``pt'' and ``ct'' to be the same region in memory.
You cannot both encrypt or decrypt with the same ``eax'' context. For bi-directional communication you
will need to initialize two EAX contexts (preferably with different headers and nonces).
Note that both of these functions allow you to send the data in any granularity but the order is important. While
the eax\_init() function allows you to add initial header data to the stream you can also add header data during the
EAX stream with the following.
\index{eax\_addheader()}
\begin{verbatim}
int eax_addheader(eax_state *eax,
const unsigned char *header, unsigned long length);
\end{verbatim}
This will add the ``length'' bytes from ``header'' to the given ``eax'' stream. Once the message is finished the
``tag'' (checksum) may be computed with the following function.
\index{eax\_done()}
\begin{verbatim}
int eax_done(eax_state *eax,
unsigned char *tag, unsigned long *taglen);
\end{verbatim}
This will terminate the EAX state ``eax'' and store upto ``taglen'' bytes of the message tag in ``tag''. The function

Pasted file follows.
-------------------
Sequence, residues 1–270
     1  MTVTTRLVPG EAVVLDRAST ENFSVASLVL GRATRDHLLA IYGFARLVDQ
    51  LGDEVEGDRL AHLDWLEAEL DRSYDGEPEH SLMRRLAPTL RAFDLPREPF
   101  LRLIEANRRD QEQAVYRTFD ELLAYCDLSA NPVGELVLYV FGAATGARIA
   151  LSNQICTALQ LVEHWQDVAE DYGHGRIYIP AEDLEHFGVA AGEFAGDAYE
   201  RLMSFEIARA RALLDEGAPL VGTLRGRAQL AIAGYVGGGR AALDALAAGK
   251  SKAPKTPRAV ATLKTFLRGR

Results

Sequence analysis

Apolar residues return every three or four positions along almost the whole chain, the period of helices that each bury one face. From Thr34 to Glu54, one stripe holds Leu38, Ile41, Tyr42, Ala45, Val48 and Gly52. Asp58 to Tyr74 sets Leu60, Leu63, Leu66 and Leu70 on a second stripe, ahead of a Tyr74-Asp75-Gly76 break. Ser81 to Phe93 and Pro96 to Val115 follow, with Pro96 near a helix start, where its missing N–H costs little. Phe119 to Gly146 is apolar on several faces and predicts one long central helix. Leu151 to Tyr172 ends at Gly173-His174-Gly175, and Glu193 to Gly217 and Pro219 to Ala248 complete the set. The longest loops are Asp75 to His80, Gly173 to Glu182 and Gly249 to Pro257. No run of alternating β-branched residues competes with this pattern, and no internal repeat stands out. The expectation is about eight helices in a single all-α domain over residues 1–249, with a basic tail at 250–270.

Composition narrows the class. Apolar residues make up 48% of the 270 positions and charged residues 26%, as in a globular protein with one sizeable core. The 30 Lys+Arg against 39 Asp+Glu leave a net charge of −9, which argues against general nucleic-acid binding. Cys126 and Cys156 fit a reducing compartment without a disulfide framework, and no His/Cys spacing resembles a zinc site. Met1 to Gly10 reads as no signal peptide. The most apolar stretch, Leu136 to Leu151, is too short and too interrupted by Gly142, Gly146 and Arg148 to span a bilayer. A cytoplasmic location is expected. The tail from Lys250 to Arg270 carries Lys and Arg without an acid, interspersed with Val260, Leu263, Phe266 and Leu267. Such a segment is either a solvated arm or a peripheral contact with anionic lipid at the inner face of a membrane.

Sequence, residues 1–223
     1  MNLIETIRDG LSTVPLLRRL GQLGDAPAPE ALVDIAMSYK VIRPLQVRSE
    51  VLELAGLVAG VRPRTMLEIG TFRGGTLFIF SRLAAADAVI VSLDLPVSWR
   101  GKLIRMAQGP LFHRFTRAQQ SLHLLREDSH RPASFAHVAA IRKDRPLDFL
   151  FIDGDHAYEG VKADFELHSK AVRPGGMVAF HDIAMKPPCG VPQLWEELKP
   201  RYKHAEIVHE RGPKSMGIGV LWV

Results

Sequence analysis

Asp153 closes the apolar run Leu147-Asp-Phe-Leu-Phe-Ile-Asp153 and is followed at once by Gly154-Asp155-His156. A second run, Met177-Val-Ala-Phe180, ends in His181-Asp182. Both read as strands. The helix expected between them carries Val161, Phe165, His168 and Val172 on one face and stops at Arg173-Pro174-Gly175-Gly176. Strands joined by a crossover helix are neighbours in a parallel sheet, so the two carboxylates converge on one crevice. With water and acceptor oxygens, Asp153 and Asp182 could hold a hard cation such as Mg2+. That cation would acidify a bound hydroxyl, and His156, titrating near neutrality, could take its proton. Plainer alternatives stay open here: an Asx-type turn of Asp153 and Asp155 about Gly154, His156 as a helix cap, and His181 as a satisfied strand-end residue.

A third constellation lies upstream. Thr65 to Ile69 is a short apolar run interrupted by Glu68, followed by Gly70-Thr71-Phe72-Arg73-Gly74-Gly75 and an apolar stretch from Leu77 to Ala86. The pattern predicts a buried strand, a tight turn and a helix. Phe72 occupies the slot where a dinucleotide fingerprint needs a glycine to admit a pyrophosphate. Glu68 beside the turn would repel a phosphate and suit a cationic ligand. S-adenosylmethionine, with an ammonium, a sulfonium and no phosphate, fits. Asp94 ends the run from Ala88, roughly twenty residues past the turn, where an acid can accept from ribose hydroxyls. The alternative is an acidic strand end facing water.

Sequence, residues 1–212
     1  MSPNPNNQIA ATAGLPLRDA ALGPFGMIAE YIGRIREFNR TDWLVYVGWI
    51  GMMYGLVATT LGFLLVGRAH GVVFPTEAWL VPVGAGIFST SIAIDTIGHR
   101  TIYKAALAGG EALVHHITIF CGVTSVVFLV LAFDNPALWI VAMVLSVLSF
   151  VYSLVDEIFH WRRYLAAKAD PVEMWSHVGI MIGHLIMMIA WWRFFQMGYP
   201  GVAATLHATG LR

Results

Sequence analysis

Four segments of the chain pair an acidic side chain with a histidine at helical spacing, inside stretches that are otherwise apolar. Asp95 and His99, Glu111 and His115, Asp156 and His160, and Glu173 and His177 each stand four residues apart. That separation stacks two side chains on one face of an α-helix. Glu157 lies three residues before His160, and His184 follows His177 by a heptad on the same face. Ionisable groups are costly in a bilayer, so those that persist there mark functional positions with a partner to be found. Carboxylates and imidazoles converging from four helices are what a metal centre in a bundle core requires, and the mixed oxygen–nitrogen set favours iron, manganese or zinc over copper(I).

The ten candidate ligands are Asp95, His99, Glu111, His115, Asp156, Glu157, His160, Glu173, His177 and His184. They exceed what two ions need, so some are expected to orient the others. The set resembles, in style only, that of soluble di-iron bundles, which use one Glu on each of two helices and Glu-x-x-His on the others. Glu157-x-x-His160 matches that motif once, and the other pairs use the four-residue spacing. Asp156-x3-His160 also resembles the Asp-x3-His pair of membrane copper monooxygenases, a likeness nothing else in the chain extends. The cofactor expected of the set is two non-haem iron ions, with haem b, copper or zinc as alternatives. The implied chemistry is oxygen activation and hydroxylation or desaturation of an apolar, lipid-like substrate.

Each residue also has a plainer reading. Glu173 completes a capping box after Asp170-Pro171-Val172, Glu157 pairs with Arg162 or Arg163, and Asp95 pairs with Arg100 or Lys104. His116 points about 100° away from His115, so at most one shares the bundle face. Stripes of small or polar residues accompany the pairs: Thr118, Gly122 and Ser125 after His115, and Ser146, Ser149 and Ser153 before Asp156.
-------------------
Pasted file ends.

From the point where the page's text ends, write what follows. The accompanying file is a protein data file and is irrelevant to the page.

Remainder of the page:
then stores how many bytes of the tag were written out back into ``taglen''.
The EAX mode code can be tested to ensure it matches the test vectors by calling the following function.
\index{eax\_test()}
\begin{verbatim}
int eax_test(void);
\end{verbatim}
This requires that the AES (or Rijndael) block cipher be registered with the cipher\_descriptor table first.
\begin{verbatim}
#include <tomcrypt.h>
int main(void)
{
int err;
eax_state eax;
unsigned char pt[64], ct[64], nonce[16], key[16], tag[16];
unsigned long taglen;
if (register_cipher(&rijndael_desc) == -1) {
printf("Error registering Rijndael");
return EXIT_FAILURE;
}
/* ... make up random nonce and key ... */
/* initialize context */
if ((err = eax_init( &eax, /* the context */
find_cipher("rijndael"), /* cipher we want to use */
nonce, /* our state nonce */
16, /* none is 16 bytes */
"TestApp", /* example header, identifies this program */
7) /* length of the header */
) != CRYPT_OK) {
printf("Error eax_init: %s", error_to_string(err));
return EXIT_FAILURE;
}
/* now encrypt data, say in a loop or whatever */
if ((err = eax_encrypt( &eax, /* eax context */
pt, /* plaintext (source) */
ct, /* ciphertext (destination) */
sizeof(pt) /* size of plaintext */
) != CRYPT_OK) {
printf("Error eax_encrypt: %s", error_to_string(err));
return EXIT_FAILURE;
}
/* finish message and get authentication tag */
taglen = sizeof(tag);
if ((err = eax_done( &eax, /* eax context */
tag, /* where to put tag */
&taglen /* length of tag space */
) != CRYPT_OK) {
printf("Error eax_done: %s", error_to_string(err));
return EXIT_FAILURE;
}
/* now we have the authentication tag in "tag" and it's taglen bytes long */